Project Description

I enjoyed taking this vermilion star close-up photo last week while diving near Victoria.  It’s interesting how sea stars circulate seawater through their bodies as a way of providing nutrients to the animal, and assisting with locomotion.  The ocean water enters and leaves the sea star in a controlled manner through a round disc called a madreporite or sieve plate.  The madreporite has grooves and small pores through it and is located on the top surface of the sea star.  It can be seen here in the upper right of this photograph.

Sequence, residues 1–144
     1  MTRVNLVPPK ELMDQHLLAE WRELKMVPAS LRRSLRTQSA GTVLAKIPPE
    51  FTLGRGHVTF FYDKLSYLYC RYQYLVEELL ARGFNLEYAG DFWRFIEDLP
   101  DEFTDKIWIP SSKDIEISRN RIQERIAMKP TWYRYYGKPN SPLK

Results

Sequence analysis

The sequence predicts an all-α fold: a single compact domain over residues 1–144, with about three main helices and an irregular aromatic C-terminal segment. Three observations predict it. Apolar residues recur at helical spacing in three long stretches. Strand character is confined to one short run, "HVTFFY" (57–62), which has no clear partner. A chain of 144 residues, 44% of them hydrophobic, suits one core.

Sunlight contains all the visible light we see (red, orange, yellow, green, blue, violet) and appears white, but when sunlight penetrates into the ocean red light is the first to be absorbed with increased depth.  The result is that what appears bright red to me (when illuminated by my dive light), appears blackish to other underwater creatures in natural light at that depth, and so it’s interesting that this bright sea star tends to disappear into the reef.  The vermilion star (Mediaster aequalis) can grow to 8 inches (20 cm) across, and has a range from northern Alaska to northern Mexico.